I figured the only was to satisfy them all would be to leave a card of some sort, so I asked for paper and crayons and just like that they were all racing back to their houses to bring us the supplies. So there we were, Maja, Silvia, myself and about 15 kids all sprawled out across the rough pavement coloring pictures and writing notes for one another. We passed the rest of the afternoon running around outside, kicking a completely flat soccer ball to one another, swinging and playing charades. Maja, Silvia and I had been planning on staying only a couple of hours, but before we knew it the afternoon had come and gone and the sun was beginning to set. Jeanette invited us to stay for dinner, after which we began the rough goodbyes. The children begged us to stay and upon realizing that it was a battle they weren’t going to win they began demanding to know when we would return.
The three of us were very much aware of the lack of time we had (one week for me, at this point), and realized that realistically we probably wouldn’t be able to make it back. It dawned on us that these were the first of our goodbyes, and the fact that I felt like I was being torn from children I had just met that afternoon filled me with dread anticipating the goodbyes with the kids I had grown to know over the 2 months I was there.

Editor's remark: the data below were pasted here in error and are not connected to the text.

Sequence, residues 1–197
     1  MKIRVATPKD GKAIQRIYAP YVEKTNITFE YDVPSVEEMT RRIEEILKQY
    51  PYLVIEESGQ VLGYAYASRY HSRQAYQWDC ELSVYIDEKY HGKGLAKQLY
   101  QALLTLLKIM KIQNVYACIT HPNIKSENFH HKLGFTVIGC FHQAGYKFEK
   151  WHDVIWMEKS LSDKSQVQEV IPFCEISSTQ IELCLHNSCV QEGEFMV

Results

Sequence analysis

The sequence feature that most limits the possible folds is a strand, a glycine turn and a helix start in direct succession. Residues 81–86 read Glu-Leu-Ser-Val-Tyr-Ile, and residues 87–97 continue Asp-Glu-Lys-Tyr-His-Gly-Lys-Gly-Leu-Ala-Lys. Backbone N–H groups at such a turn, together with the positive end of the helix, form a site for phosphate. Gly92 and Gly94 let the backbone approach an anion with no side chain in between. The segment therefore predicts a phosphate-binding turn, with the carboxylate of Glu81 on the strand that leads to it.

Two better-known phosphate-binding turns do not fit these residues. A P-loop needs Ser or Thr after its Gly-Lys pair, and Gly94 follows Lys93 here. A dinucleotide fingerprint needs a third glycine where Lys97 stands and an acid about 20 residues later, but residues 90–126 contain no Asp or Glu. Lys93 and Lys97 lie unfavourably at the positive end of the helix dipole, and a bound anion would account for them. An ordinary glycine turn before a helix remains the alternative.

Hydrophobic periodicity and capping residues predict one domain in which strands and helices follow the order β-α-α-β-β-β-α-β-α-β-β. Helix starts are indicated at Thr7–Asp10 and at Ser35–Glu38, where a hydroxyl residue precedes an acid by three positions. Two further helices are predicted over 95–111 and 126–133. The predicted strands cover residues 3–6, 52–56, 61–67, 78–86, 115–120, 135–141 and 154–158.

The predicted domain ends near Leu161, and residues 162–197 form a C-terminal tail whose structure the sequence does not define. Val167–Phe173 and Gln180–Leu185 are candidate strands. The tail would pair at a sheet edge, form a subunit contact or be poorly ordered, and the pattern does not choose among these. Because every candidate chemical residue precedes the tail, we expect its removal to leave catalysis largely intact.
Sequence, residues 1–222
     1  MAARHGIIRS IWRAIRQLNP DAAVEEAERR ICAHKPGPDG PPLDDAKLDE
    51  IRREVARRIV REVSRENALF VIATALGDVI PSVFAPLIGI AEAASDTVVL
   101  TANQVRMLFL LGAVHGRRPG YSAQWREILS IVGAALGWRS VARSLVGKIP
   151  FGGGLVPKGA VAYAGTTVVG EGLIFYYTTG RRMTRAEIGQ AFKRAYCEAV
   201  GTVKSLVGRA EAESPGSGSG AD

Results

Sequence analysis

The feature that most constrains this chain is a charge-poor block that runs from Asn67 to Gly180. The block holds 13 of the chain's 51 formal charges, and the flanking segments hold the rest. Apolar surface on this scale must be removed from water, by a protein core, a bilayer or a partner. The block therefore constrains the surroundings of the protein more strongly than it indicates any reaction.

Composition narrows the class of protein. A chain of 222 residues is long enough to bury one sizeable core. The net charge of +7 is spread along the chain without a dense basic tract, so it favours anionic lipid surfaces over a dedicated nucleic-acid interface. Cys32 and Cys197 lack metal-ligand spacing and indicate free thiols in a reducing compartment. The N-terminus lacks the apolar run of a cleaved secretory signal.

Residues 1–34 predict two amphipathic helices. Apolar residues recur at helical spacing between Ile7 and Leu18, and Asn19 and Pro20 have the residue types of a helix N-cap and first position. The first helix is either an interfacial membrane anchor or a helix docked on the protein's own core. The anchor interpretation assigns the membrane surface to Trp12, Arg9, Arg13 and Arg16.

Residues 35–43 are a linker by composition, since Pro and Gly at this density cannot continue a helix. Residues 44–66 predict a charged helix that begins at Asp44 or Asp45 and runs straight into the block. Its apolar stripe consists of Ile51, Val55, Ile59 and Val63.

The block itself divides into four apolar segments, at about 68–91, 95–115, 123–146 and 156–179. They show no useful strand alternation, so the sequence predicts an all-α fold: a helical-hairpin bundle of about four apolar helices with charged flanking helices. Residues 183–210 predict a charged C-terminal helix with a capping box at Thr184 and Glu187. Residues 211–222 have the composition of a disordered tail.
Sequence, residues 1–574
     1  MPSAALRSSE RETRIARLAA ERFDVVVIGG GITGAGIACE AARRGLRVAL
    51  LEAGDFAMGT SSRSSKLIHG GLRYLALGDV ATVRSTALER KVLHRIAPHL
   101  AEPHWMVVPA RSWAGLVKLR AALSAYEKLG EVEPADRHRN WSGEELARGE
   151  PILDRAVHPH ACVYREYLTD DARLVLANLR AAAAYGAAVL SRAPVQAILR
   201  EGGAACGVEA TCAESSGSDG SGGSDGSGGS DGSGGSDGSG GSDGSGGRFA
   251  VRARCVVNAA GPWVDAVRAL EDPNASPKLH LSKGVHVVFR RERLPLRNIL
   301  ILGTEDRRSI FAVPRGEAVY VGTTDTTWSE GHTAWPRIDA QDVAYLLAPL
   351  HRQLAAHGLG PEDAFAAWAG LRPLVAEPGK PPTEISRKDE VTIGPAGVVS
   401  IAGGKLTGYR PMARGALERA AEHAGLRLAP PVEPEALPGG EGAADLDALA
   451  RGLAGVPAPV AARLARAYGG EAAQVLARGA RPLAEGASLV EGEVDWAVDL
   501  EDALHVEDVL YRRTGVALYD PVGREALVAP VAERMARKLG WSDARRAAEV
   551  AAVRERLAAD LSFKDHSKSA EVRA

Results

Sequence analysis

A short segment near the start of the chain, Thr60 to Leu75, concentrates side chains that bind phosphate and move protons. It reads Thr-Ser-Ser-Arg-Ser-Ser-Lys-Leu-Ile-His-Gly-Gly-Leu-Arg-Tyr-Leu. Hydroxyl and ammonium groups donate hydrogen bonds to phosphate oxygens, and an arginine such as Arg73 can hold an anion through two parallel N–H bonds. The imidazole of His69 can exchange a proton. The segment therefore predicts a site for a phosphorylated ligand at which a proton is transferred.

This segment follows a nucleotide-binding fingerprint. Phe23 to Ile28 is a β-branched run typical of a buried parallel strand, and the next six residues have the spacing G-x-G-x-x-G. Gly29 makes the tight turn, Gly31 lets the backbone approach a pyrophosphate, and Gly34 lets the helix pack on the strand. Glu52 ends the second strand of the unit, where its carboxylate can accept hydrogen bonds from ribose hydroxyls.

After nearly 5 hours spent laughing and playing, we walked out looking over our shoulders at some of the most affectionate youth I have yet to meet. Our arms were filled with all sorts of drawings and trinkets gifted to us, but more than anything it was our hearts that were filled with the most overwhelming feeling of love and memories of a beautiful afternoon spent within the inviting arms of everyone at Hogar Juan XXIII.